OBERVATIONS: A Book About The Pastoral Cape Cod League

By Hal McCoy

UNSOLICITED OBSERVATIONS from The Man Cave, giddy as always when it is time for pitchers and catchers to put button on their uniforms, pull on their spikes, grab their gloves and begin working on ther sun tans.

FOLLOWING THE FIREBIRDS: With spring training camps opening their gates this week, how about something from the game’s grass roots?

Pure pastoral baseball can be found in the Cape Cod League, a summer collegiate wooden bat league.

Even a movie, ‘Summer Catch,’ was about the league with a cameo appearance by Ken Griffey Jr., who did not win an Academy Award.

Now there is going to be a book about one team in the Cape Cod League, the Orleans Firebirds.

My wonderful friend and author, Mark Epstein, is going to follow Orleans all summer this year and write a chronology book on the daily grind both on and off the field of the organization, including the many volunteers.

There is no doubt it will be outstanding. Sports fans can check out his work by reading, ‘They Call Me Pathfinder’ and ‘Jack ‘The Shot’ Foley, A Legend For All Time.’

The Foley book is a fascinating, well-written, well-documented piece of work about Foley, a Holy Cross All-American basketball player who could shoot a marble into a tea cup from 30 feet.

Interesting tidbit: The Cape Cod League was formed in 1923 with four teams — Osterville, Hyannis, Chatham and Falmouth. There are now 10 teams with Hyannis, Chatham and Falmouth still in it. And Falmouth, a 1923 charter member, hasn’t won a Cape Cod championship since 1971.

At least they keep trying, hoping to some day re-discover the taste of champagne.

—ICHIRO TO REDS?: Did you hear that the Cincinnati Reds signed Ichiro? Really? Well, not THAT Ichiro, not Ichiro Suzuki.

They signed a 19-year-old switch-hitting third baseman out of Mexico named Ichiro Cano Hernandez. So, he was named after Ichiro Suzuki, right? Wrong.

In an e-mail to the Reds, he explained, “They gave me this name because my dad had a Japanese friend named Ichiiro who was a surfer.”

So Ichiro is a common name in Japan like James or John? Who knew?

—A DOUBTING THOMAS: What was the longest home run in baseball history? How about 3,300 miles?

As the story goes, a guy named Jimmy Ryan, playing for the Chicago Pirates in 1890, hit a ball over the center field wall in a State Island Ball Park. The New York Giants were playing there because the Polo Grounds was being built.

The ball allegedly landed on a schooner in the Atlantic Ocean, striking a fan on the head. He kept the ball and sailed to Liverpool, England, about 3,300 miles.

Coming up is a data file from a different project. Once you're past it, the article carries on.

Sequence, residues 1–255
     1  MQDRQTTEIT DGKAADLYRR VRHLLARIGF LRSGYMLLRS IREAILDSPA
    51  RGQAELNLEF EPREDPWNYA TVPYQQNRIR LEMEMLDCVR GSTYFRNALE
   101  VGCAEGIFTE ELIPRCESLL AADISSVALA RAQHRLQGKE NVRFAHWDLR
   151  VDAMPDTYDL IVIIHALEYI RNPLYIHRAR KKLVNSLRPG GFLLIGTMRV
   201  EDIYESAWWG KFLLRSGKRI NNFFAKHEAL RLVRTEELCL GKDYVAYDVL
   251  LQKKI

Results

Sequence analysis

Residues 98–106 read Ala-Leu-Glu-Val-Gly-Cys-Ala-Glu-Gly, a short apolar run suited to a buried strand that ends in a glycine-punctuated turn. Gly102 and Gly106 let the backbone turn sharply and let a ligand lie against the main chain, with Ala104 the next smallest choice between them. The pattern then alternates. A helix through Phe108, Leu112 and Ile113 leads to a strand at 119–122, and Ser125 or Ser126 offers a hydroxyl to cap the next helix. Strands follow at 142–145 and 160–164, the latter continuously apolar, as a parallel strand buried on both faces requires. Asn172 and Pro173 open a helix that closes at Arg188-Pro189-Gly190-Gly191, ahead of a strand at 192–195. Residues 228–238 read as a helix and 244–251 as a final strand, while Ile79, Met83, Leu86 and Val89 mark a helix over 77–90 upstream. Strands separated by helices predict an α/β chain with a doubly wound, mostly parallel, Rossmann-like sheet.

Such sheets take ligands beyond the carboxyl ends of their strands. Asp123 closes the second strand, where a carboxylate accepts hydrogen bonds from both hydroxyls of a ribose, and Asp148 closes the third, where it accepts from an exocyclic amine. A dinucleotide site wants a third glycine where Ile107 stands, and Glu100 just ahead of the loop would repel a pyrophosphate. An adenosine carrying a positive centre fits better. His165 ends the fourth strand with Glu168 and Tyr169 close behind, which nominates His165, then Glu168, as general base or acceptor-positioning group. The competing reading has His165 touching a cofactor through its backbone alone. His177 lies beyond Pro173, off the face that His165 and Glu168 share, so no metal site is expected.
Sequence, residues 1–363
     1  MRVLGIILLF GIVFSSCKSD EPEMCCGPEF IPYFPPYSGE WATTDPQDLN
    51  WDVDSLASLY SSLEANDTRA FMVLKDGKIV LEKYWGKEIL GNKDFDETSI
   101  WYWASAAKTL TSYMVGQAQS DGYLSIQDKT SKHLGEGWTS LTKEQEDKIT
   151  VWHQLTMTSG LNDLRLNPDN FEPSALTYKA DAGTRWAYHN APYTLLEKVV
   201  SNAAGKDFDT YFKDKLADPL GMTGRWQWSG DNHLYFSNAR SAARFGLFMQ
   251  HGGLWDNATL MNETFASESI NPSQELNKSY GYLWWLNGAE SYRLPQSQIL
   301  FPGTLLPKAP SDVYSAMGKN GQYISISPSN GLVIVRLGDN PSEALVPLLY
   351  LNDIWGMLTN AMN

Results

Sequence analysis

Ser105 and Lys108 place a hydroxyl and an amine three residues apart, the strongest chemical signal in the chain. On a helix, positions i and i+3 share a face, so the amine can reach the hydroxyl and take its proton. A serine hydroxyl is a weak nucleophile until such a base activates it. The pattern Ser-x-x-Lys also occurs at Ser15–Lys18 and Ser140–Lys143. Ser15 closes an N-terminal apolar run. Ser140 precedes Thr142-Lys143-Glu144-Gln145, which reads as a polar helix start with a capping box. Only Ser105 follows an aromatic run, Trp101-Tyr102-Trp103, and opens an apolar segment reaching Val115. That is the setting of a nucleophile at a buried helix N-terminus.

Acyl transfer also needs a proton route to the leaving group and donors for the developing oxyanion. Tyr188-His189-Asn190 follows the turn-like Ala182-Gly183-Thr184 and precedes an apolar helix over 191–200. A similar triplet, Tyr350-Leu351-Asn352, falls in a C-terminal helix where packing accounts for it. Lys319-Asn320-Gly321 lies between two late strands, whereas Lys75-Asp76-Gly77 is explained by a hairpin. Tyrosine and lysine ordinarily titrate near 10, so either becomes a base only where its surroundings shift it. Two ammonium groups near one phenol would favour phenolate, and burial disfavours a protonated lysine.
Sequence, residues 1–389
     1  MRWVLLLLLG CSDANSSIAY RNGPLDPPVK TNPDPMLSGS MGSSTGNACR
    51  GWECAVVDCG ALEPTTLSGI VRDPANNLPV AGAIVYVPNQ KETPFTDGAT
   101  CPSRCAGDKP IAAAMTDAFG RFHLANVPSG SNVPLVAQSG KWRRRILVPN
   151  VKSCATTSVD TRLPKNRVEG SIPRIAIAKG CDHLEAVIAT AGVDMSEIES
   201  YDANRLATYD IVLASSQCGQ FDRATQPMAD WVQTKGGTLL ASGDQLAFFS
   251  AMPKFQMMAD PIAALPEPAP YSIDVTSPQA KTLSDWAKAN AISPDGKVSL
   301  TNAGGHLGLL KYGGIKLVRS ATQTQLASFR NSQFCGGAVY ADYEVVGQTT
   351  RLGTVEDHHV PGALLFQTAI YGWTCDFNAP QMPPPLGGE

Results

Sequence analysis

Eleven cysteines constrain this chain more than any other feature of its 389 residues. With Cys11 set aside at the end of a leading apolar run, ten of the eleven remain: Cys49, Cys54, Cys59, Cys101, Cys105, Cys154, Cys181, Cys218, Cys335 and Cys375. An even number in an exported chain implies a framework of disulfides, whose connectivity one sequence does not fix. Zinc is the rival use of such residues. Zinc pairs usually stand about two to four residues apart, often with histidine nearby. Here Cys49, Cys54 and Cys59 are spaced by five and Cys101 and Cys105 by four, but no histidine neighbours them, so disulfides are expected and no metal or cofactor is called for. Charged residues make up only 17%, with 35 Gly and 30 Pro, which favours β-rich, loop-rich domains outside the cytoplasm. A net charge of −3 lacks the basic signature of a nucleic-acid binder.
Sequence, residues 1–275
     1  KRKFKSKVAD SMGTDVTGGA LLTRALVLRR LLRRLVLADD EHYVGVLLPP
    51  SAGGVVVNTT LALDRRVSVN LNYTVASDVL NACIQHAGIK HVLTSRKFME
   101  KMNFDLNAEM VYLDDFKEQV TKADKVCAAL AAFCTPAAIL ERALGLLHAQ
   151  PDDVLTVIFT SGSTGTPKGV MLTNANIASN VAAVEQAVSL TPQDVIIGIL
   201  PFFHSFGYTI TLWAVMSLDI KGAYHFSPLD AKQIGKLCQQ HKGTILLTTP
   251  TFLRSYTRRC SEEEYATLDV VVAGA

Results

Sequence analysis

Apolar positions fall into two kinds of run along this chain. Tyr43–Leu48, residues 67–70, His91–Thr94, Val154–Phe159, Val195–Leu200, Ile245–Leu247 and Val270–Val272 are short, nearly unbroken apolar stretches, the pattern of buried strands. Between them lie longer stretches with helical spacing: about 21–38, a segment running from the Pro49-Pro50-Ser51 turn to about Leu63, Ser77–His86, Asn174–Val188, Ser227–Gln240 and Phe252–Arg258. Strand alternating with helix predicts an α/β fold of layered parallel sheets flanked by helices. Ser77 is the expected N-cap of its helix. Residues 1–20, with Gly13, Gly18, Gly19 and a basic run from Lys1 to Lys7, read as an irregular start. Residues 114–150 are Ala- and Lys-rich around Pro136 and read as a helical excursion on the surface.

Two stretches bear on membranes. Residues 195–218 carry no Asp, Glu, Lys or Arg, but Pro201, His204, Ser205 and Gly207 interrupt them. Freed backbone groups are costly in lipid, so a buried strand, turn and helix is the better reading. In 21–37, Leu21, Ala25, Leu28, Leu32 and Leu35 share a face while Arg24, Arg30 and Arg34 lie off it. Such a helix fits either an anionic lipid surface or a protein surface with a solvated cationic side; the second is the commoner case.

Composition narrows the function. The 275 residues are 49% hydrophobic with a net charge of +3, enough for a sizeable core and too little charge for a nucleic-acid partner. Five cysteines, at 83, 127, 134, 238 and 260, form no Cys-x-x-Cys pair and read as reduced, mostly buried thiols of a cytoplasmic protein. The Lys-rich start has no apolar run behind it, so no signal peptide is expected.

Some spoil sport researcher debunks the story. He said the ball would have had to travel 610 feet to the boat in the ocean. And he said Ryan never hit a home run in State Island in 1890. He did hit one in 1889 while playing for the Chicago White Stockings, not the Chicago Pirates.

Nothing like spoiling a great story, right?

—THE GRAND MASTER: Before the start of a World Series game in Brooklyn’s Ebbets Field, old Casey Stengel, the New York Yankees manager, took a young outfielder named Mickey Mantle out to right field.

His mission was to show Mantle how to play caroms off the complex wall in Ebbets Field. After the tutorial was concluded, Mantle asked Stengel, “How do you know so much about playing caroms off this wall?”

Stengel shook his gnarled and wrinkled old head and said, “I used to play right field here for the Brooklyn Dodgers. Do you think I was born old?”

—A GREAT MYSTERY: What’s going on in Lexington, Ky. . .and it has nothing to do with horses or the Kentucky Derby?

The University of Kentucky basketball team certainly has the horses, but UK lost Saturday to Gonzaga, the third straight home loss for the Wildcats.

Three straight home setbacls had never happened to the ‘Cats since Rupp Arena opened in 1976.

And they lost Saturday to coach Mark Few’s worst Gonzaga team. The UK win was the Zags’ first Quad 1 win this season.

While UK is a powerful scoring machine, defense is a dirty word. Despite three 7-footers, the Wildcats were outrebouned by the Zags, 43-31. UK has one of the worst defensive rebounding team in the country.

And the rabid UK fan bases wants to turn coach John Calipari’s head into a basketball to dribble down West Main Street.

—THE REST OF THE STORY: Now that Chip Kelly has left the head coaching job at UCLA to become offensive co-ordinator for Ryan Day at Ohio State, there has to be a back story. And there is.